Josh Hull is living the dream and looking to become the third Penn State linebacker taken in this year’s NFL draft.
However, Hull’s path to the NFL and even college stardom has been an unlikely one.
“I was recruited by William & Mary and Bucknell coming out of high school,” said Hull. “Both are 1-AA schools.”
Hull was a very athletic player coming out of high school, excelling at fullback and linebacker. But his small high school, and small frame, kept him from getting a Division I scholarship.
“I was about 6’2” and 204 pounds coming out of high school,” Hull said. “Most Division I linebackers coming to big schools like Penn State are usually 215 to 220 pounds, so I was a little undersized.”
Still, Hull continued to work hard, and he pushed himself to try out for the Penn State football team.
“It’s absolutely 100 percent love of the game,” Hull said. “I walked on because I love football, and without it I don’t know what I would be doing with my life.”
Hull touched on the subject of being a local kid, who grew up with Penn State football always around him. He took advantage of his close proximity,attended many games, and enjoyed tailgating just as much as the average fan.
“If I wanted to succeed I wanted to do it at the highest level, and Penn State really opened those possibilities,” said Hull.
While Hull was a very athletic player in high school, many of the other highly-recruited scholarship players had him beat at the collegiate level.
However, Hull was always impressing coaches with his amazing “hard-work attitude.”
“In other people’s minds I don’t know if I had to work harder, but in my own mind I knew I had to work harder than other people,” Hull said. “I had to gain respect of my peers, my fellow teammates, and my coaches.”
To Hull, the idea of earning his place was definitely a big factor. Fortunately, this did not take long.
Hull soon established himself as one of the hardest workers off the field along with one of the most intense on it. This intensity and hard work landed Hull a starting job at linebacker his junior season.
Here, he did not disappoint.
Hull finished the 2008 season with 75 total tackles, and he was a key part of Penn State’s top five overall defense.
One of the big reasons Hull had so much success in college and is now being looked at by the NFL is fellow linebacker Sean Lee.
“Sean [Lee] and I are really good friend off the field,” said Hull. “We were roommates for a few years, and he really helped teach me the game.”
Lee, a former three-star recruit from Upper St. Clair high school in Pittsburgh, is projected as a second round pick in this year’s NFL draft. Ironically, his injury in 2008 is what gave Hull the opportunity to start.
“We had a great connection on the field, and would often look to push each other out there,” Hull said. “Whenever he got better, I had to get better, and whenever I got better, it forced him to get better.”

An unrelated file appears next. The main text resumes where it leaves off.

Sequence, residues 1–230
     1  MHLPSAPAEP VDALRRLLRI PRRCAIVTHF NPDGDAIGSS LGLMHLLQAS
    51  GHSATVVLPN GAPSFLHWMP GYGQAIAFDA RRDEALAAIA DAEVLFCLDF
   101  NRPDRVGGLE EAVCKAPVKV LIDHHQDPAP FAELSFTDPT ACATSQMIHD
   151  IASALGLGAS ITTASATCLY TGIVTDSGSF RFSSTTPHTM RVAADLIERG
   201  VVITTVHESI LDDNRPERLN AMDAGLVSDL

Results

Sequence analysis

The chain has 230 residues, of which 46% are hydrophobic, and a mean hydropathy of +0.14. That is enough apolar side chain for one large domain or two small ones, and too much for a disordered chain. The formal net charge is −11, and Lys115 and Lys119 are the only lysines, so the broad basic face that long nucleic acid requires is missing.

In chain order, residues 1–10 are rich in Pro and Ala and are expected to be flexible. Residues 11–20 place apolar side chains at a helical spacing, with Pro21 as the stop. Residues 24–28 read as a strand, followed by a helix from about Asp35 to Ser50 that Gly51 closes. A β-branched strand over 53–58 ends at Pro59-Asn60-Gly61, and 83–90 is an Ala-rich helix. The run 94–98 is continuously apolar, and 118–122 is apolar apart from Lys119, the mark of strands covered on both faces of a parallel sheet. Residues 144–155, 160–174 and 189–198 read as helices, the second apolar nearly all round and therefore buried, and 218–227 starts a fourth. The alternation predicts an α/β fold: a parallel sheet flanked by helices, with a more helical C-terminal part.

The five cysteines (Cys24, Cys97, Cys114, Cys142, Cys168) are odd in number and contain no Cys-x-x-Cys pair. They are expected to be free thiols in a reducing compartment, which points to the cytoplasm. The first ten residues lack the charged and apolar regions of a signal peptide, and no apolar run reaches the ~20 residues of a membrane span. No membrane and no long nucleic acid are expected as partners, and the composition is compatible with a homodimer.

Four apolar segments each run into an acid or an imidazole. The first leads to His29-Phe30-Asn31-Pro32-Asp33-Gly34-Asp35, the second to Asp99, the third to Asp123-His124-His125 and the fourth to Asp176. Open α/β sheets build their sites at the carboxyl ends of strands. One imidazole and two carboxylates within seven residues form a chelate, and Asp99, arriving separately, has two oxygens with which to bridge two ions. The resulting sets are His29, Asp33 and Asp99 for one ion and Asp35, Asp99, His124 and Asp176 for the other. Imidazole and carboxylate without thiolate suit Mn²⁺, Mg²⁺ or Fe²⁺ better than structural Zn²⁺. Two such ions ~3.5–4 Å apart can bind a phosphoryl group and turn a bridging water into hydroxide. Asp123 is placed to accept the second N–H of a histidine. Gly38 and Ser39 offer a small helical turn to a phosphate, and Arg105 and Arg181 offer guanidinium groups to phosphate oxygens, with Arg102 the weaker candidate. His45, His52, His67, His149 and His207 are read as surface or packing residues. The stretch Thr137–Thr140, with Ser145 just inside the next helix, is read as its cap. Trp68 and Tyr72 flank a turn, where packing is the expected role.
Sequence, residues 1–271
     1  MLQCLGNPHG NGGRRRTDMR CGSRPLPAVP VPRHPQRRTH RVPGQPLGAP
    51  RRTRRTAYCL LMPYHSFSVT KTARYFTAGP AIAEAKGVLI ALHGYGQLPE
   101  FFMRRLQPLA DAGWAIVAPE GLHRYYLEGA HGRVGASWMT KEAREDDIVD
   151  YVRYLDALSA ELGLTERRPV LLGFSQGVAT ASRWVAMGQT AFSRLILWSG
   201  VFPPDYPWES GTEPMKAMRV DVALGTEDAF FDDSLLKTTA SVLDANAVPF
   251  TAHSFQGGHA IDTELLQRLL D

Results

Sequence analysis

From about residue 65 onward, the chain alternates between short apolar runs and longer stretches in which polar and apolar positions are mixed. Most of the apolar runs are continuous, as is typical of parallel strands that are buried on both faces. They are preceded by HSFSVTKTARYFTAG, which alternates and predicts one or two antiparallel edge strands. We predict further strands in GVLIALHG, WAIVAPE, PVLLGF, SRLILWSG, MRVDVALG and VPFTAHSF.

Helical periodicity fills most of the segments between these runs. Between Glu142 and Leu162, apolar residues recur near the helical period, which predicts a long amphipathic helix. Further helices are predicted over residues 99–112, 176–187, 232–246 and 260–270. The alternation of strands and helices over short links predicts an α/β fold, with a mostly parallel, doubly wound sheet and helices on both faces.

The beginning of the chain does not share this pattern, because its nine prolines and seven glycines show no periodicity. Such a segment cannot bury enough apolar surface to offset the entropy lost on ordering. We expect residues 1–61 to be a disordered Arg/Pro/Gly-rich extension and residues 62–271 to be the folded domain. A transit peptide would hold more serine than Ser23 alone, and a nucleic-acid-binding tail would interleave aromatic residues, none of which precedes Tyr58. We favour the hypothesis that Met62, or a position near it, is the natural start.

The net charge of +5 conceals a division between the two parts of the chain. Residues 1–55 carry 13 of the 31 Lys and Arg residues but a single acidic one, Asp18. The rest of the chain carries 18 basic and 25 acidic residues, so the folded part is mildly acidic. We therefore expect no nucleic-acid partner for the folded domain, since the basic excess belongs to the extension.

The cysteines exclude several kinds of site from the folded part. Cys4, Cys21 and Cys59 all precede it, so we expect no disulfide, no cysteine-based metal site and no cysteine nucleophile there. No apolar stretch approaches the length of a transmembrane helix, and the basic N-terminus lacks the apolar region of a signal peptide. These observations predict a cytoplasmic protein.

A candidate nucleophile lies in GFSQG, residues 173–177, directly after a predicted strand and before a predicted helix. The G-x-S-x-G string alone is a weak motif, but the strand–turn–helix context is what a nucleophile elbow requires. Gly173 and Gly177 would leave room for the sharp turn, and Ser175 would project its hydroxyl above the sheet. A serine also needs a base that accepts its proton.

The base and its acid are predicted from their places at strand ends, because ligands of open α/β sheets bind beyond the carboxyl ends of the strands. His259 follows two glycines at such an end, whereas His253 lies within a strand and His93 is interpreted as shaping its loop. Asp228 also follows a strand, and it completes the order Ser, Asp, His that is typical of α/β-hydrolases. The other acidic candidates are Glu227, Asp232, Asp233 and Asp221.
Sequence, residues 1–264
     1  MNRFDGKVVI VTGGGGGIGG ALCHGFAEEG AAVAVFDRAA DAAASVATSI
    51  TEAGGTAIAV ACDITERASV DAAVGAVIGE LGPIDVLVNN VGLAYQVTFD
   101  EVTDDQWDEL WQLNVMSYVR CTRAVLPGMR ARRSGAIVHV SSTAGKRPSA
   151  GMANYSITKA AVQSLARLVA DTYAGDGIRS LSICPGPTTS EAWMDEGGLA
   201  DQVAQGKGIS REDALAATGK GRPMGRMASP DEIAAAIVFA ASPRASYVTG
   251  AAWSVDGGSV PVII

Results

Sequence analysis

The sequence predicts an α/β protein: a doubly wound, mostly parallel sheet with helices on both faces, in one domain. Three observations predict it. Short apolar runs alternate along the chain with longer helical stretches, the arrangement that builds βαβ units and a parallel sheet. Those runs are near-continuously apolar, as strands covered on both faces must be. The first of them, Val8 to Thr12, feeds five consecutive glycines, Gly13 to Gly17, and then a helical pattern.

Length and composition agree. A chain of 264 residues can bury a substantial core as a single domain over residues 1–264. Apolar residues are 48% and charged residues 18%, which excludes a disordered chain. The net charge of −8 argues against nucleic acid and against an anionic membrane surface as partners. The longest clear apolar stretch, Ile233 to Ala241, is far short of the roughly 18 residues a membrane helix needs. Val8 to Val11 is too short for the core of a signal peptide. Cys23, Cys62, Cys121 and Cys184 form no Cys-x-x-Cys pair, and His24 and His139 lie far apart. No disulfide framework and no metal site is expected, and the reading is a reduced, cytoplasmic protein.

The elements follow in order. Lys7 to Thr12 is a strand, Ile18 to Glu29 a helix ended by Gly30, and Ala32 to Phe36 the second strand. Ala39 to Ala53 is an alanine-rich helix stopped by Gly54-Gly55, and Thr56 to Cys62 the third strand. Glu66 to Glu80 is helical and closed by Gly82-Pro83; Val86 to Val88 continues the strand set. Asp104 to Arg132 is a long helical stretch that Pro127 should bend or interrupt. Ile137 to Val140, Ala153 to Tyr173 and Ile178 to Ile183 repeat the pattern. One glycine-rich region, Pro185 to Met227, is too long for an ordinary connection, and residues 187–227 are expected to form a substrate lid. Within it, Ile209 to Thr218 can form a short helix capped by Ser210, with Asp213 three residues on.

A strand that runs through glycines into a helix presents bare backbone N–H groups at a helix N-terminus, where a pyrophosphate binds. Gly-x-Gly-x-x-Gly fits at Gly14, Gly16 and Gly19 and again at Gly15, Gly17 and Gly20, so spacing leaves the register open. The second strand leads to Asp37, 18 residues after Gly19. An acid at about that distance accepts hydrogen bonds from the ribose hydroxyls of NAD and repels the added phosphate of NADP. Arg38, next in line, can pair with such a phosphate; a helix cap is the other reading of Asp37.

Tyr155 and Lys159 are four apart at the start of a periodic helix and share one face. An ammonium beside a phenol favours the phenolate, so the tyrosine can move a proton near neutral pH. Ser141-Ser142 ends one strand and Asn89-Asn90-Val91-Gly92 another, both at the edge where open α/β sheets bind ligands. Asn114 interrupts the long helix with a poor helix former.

Still, Hull thanks linebacker coach Ron Vanderlinden the most for his progression and success at Penn State.
“I came from a small high school where I really depended on my athleticism and not the knowledge of the game,” said Hull. “When I came to Penn State, Coach Vanderlinden was able to harness my athletic ability while incorporating the knowledge of the game.”
Hull’s superb combination of athleticism, hard work, and knowledge earned him a starting job his senior season at inside linebacker.
Again, Hull put in his hours off the field and finished the 2009 season with a team-high 116 tackles.
This stellar senior season, along with Dean’s List grades—3.54 cumulative GPA—convinced many scouts that Hull may have a future at the next level.
“Hull is someone who teams view as a ‘safe’ late round pick,” said NFLDraftBible.com CEO and head scout Rick Serritella. “He is not an elite talent but a well-coached athlete who can be an asset at the next level.”
Hull was also picked to participate in the 2010 NFL scouting combine. Here, he not only got to show off his skills to NFL teams, but he also got a chance to make some new friends.
“Going in I thought everyone was going to be tough and not looking at each other,” Hull said. “But, to my surprise, all 38 of the linebackers were really cool guys, who you could talk to and just joke around with.”
Hull continued to impress scouts at the combine by always knowing what to do during drills, and he put up fairly good numbers in most of the workouts.
Now Hull will look to make it as the third Penn State linebacker drafted in 2010.
“I would just like the opportunity to play in the NFL,” said Hull. “But I can see myself fitting in New England. They run a similar system, and they have a lot of blue collar players.”
Any team that is fortunate to land Hull will be getting one of the hardest working players in the league, along with one of the smartest.
Hull not only dominated on the football field at Penn State, but he has also become very well known for his choice of facial hair.
“Josh [Hull] is one of my favorite Penn State players of all time,” said Mitchell Hoyson, a sophomore majoring bio-behavioral health. “He had the best moustache ever, and that should help put him on the map in the NFL.”
“The moustache will definitely be staying,” Hull said.
The combination of hard work, athleticism, and facial hair will make Hull a success anywhere he goes in the NFL. He was a beloved player at Penn State, and this trend should continue at the next level.
“It’s all about hard work,” Hull said. “Put in the time in the weight room, eat right, and study hard off the field.”
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